One final note on exterior paint and interiors. Exterior paint is unquestionably formulated much differently than interior paint. When you coat a surface, the paint doesn't just sit there like a good dog. Lots of invisible chemicals interact with the surface. Others escape. Exterior paints are formulated to be tougher than their interior counterparts, and thier different, "tougher" chemicals factored to escape into the outside air. Word to the wise.

matotex

12:59PM | 03/11/04
Member Since: 03/01/04
6 lifetime posts
O.K., for all of you that have been waiting for the final outcome of our ordeal, or for those of you just hoping this bickering comes to an end here goes.....the smell has not come back since the acrashield and new paint were used. We have had numerous days this week that were warm and when I was sure that I would have to deal with it again. I cannot begin to tell you how happy we are to know that it was the paint and that we wont have to wake each day, wondering when the odor will come upon us or hoping that noone comes for an unexpected visit! May my nightmare hopefully be a warning to all homeowners and "true professionals" out there that interior paint used indoors has caused atleast one homeowner months of unecessary distress and concern for her families health, along with money spent on numerous troubleshooters in her home who diligently were trying to figure all of this out. I hope that our ordeal might be a wake up call to those "doubters" out there. Thanks again for all of your messages. A happy Texas homeowner...

matotex

01:02PM | 03/11/04
Member Since: 03/01/04
6 lifetime posts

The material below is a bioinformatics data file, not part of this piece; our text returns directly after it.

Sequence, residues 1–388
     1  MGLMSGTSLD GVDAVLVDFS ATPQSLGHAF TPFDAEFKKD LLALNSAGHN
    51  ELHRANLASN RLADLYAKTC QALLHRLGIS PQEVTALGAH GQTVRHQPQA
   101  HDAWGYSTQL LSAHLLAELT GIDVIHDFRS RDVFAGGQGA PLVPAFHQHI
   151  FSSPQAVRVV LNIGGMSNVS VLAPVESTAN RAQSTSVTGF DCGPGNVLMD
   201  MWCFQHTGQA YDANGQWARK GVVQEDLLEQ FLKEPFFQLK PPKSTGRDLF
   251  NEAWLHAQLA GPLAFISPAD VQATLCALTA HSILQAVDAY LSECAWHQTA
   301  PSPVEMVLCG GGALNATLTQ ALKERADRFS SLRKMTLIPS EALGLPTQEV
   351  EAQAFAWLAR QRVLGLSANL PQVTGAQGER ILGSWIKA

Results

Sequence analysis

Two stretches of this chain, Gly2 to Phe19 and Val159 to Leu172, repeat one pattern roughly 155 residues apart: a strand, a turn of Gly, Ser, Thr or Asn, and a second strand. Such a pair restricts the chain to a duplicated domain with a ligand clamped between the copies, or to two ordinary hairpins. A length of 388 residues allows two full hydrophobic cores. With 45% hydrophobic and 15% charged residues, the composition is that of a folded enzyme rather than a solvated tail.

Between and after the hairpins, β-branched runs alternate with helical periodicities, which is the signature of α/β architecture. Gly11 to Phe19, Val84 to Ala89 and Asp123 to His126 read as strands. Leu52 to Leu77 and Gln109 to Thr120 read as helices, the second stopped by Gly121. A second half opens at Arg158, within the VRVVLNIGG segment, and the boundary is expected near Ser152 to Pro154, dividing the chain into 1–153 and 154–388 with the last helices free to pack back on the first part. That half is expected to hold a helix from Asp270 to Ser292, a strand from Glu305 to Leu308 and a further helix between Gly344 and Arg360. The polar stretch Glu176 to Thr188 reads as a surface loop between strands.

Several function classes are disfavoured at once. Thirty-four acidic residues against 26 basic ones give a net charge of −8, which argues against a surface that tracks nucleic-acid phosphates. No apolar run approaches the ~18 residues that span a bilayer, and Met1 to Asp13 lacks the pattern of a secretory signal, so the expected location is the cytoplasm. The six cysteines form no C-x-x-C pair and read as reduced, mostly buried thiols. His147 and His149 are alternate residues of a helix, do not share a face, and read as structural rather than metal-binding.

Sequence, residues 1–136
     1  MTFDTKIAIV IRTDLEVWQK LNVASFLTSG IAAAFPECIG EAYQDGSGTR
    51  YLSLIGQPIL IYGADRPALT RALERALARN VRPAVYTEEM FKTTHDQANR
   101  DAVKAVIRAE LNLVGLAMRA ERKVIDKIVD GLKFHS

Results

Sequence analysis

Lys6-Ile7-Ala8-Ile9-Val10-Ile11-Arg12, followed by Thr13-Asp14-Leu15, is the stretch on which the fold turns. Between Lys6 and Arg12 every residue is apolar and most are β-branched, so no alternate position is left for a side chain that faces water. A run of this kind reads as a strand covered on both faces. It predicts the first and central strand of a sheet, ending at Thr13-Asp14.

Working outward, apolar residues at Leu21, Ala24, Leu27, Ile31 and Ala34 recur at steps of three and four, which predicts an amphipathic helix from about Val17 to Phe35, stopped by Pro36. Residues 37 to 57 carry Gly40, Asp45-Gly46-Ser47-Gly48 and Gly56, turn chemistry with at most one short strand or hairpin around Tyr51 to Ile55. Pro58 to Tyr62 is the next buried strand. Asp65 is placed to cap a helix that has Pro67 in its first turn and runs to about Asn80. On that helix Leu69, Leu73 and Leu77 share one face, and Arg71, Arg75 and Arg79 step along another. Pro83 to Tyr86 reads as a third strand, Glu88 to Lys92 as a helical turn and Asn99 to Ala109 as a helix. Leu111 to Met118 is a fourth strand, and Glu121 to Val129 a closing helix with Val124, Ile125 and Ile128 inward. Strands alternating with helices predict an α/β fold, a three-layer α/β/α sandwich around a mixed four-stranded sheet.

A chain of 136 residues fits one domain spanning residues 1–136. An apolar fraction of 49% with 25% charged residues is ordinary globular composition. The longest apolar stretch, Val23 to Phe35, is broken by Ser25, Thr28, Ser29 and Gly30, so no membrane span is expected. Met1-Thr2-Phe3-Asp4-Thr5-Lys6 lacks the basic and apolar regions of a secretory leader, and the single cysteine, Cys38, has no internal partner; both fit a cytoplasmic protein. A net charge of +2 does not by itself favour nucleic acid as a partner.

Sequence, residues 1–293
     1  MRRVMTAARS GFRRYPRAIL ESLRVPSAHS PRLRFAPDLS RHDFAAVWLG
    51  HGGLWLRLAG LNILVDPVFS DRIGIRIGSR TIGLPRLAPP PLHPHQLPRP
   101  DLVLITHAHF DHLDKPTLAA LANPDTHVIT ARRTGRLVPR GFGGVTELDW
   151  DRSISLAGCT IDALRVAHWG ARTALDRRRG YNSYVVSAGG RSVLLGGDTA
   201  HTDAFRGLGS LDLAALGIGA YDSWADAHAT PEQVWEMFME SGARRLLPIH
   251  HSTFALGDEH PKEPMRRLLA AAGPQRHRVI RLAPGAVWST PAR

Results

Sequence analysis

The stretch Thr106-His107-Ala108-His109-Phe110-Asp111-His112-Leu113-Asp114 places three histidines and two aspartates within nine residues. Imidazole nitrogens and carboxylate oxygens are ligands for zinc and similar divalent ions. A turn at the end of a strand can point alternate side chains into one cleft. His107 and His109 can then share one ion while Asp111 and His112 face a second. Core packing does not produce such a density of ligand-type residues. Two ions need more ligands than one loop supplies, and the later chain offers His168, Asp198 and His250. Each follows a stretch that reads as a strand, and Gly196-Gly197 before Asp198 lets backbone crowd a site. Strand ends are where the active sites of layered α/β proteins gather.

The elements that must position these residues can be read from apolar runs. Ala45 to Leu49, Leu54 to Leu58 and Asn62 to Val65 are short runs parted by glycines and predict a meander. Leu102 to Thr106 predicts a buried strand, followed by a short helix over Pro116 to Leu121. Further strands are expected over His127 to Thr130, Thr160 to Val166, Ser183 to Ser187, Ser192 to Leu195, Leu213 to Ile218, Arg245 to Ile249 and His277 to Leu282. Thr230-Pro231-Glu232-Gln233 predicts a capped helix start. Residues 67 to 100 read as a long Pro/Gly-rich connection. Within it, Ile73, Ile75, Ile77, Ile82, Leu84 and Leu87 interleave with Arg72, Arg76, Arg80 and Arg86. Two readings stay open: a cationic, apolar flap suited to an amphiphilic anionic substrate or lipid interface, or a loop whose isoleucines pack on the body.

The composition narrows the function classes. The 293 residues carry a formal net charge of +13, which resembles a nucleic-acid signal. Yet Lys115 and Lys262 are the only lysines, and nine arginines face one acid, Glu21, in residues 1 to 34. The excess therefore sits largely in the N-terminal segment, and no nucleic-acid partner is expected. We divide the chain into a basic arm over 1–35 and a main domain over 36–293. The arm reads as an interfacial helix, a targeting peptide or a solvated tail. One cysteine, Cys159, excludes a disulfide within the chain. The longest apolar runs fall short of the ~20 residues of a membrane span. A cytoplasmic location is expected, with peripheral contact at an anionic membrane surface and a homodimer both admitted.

Sorry- after re-reading my message, I meant exterior paint used indoors!! Sorry for the error.

cleanedge

02:41PM | 03/11/04
Member Since: 02/03/04
15 lifetime posts
Thanks for the follow-ups. Much appreciated.

Now...you and others reading this post who might otherwise end up like you should be so lucky as to have people "bickering" on behalf of the facts. Actually it was a few of us setting one particular person straight--or at least attempting to limit the impact of his questionable-at-best information--information that he was just bound and determined to pass on.

And yet I would not be surprised to find Homebld sticking to his guns. I mean, why let the facts get in the way? They never figured into his point-of-view before.

Anyway I'm glad to see the homeowner took the path of least resistance by going for the most obvious solution first. And in any case it's nice to see such a nasty and lingering problem solved!

One final note. Exterior paint is formulated differently than interior paint. When you coat a surface, chemicals interact and some are designed to escape. Exterior paints are formulated to be tougher than their interior counterparts, and thier chemicals designed to escape into the OUTSIDE air.

Word to the wise.

cleanedge